While everything on the lower level from the lazarette to the forward VIP is shifted further aft, the space gains have all been in the living spaces. The extra beam also helps in maximising the space. First impression of the master cabin is one of space and warmth. An inviting owner-friendly stateroom that is both functional and purposeful. The large king size berth in the centre is flanked by port and starboard side units with an office/workstation and a vanity unit. Either can be optioned with a two seat settee instead if the owner prefers. Being a vessel that is destined to cruise long term, the need for places to stow gear has certainly been addressed, with generous lockers, drawers and cupboards throughout the cabin. There’s even a large walk-in wardrobe with plenty of hanging space.
On the port side, the en-suite is finished to the same exceptionally high standard, with the use of solid timber joinery, Italian marble (owner’s choice) and a large shower stall behind stainless and glass doors. There is a centralised Planus drainage system for all the accommodation basins and showers, with water held in a single ‘greywater’ tank that is then pumped out as required.
The port cabin has twin single bunks, with a fixed lower and a slide out upper berth, which can be folded away when not required. Storage is provided in a forward hanging locker and in this arrangement, the cabin shares the same en-suite bathroom as the guest VIP. In the traditional Fleming arrangement, this side cabin is all devoted to the master bathroom, with the guest cabin positioned starboard aft. A very different layout but they both work equally as well and still provide a three cabin/two bathroom plan. Furnishings and fittings are elegant in the accommodation areas, as they are throughout the Fleming 58, with Teak woodwork imparting the appropriate traditional seagoing look.
The forward VIP can be arranged with a single island berth or in the case of our boat as the owner has two young children he opted for two very large singles. The forward bulkhead mounted TV and Playstation are obvious signs of this being a family boat. There’s plenty of natural light from the big hatch set in the overhead atrium. Tongue and groove planking on the cabin sides gives that old traditional ship look, but you do have a choice of fabric, paint or plain timbers if you prefer. The guest head has a single door access from the companionway and is fitted out very much the same as the master. Again there is plenty of natural light with a port light in the shower and the head. However, when you do have a central island berth option an extra door is added from the VIP, so it becomes genuine en-suite.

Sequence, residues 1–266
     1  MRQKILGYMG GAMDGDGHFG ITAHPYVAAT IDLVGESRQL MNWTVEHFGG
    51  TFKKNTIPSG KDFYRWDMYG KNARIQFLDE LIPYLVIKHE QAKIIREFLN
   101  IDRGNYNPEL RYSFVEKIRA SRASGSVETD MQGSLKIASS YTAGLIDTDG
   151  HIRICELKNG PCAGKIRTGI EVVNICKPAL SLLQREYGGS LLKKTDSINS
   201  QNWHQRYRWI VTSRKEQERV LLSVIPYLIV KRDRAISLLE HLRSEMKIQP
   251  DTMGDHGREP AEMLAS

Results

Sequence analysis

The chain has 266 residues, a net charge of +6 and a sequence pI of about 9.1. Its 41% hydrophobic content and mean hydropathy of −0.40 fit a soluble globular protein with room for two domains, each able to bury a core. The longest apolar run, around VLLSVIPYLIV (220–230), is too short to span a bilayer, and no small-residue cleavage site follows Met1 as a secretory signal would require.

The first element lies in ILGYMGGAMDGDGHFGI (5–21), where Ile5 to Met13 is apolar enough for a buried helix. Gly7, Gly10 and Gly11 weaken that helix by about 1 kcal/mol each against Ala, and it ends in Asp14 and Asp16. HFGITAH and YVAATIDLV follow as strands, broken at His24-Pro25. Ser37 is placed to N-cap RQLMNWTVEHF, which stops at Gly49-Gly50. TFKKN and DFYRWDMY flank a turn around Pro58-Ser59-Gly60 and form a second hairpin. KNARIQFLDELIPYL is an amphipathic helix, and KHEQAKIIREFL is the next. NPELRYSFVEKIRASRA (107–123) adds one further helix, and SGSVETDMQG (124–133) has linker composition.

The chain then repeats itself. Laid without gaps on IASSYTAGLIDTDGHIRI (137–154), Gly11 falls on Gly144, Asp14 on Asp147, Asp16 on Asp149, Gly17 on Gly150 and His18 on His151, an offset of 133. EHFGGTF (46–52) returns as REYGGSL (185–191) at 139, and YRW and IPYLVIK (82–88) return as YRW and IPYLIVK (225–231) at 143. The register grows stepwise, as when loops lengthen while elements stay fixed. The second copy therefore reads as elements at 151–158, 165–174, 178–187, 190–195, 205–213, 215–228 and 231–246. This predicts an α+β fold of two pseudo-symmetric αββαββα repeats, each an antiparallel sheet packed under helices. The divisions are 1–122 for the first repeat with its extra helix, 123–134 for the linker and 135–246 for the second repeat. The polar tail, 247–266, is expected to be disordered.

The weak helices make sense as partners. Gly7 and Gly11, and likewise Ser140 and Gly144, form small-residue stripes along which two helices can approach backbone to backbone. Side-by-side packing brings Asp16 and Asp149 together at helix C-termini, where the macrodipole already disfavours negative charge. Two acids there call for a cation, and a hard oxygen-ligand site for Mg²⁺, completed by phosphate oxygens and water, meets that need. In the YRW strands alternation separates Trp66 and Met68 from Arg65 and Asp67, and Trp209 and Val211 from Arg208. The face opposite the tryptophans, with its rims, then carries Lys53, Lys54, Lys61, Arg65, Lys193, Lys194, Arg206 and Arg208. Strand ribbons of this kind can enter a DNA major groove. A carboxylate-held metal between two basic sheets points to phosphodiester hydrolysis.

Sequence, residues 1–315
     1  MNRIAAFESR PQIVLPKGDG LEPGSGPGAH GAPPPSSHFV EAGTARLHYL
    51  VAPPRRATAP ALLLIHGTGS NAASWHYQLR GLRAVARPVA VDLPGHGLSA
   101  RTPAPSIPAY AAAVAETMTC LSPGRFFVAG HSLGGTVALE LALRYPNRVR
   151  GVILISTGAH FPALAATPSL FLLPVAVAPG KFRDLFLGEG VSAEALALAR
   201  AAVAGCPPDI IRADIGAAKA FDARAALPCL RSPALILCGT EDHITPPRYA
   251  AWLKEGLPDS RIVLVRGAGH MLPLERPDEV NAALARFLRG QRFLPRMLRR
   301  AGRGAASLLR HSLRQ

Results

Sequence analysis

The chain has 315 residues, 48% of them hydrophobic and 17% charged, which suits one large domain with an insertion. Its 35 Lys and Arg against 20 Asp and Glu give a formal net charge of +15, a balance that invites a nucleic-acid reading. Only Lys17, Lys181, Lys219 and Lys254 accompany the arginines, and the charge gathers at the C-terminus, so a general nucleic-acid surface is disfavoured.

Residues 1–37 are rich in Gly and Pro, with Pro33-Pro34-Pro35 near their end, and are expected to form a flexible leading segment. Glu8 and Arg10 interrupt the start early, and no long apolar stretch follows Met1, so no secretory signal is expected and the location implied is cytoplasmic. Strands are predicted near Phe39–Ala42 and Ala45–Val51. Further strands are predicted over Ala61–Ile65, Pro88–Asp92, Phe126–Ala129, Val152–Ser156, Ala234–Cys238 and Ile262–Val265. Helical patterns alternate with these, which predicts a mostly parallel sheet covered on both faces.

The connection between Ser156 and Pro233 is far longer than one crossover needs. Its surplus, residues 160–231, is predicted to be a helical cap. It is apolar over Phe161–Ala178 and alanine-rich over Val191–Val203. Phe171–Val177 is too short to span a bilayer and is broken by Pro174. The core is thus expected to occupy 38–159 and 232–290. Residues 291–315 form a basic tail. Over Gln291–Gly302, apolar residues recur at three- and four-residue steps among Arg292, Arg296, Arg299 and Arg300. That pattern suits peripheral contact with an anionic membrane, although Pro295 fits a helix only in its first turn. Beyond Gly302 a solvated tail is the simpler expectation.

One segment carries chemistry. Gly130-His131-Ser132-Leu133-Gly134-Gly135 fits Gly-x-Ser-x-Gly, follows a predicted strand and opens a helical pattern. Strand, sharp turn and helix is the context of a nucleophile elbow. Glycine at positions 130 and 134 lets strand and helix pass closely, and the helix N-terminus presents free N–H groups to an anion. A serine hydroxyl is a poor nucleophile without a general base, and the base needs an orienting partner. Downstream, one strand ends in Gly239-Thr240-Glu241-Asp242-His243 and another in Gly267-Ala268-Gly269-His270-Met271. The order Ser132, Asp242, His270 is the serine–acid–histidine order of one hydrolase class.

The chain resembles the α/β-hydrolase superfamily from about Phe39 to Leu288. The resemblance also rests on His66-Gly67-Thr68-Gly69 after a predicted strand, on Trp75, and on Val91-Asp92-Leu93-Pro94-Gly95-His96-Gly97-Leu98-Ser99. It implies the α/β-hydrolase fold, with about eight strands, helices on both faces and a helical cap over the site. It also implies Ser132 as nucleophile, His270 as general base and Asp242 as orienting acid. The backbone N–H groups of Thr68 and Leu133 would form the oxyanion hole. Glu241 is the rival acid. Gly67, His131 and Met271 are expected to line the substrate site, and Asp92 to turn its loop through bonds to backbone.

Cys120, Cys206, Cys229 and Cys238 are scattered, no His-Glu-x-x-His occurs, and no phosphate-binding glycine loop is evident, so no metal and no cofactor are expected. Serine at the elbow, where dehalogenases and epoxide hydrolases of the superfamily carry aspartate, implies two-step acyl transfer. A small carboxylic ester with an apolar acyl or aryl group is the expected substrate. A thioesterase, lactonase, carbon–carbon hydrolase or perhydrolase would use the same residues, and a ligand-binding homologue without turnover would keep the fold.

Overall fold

Fleming 58 Technically Savvy
Compared to the Fleming 55 the layout of the pilothouse area looks very familiar, apart from the extra beam now allowing for two Stidd helm chairs and the addition of a dedicated dayhead. Sliding doors either side give easy access to the wide bulwarks and twin inward opening gates make boarding easy and safe.
The L shape port settee is certain to be well favoured when underway and can be converted with an infill to make an extra berth. An adjustable table can be configured to suit the moment, be it having coffee, lunch or relaxing with friends playing cards.
The helm is dedicated to long range cruising with a myriad of monitoring screens, controls and equipment necessary for serious offshore cruise. The 58 is very technically savvy, with some of the most up today systems available installed. “Externally the 58 looks like any other Fleming, but the systems are bang up to date,” says Fleming’s Duncan Cowie. The Fleming 58 was fitted with SeaCross, a Swedish navigation system that features a unique fast update for every situation.
SeaCross is extremely intuitive and easy to use. Change of template is just a ”click” away, which assures situation awareness at all times. With SeaCross real-time navigation, you always have time for safe manoeuvering in situations that demand split-second decisions. SeaCross is compatible with NMEA sensors.
The whole system and the templates can be set according to specific requirements and preferences and can be individually adapted to specific routes and types of vessels. The entire system is operated through a trackball with three buttons. Our boat was running five SeaCross computers and five screens, two 19” in two 15” in the pilothouse and another 15” screen in the flybridge.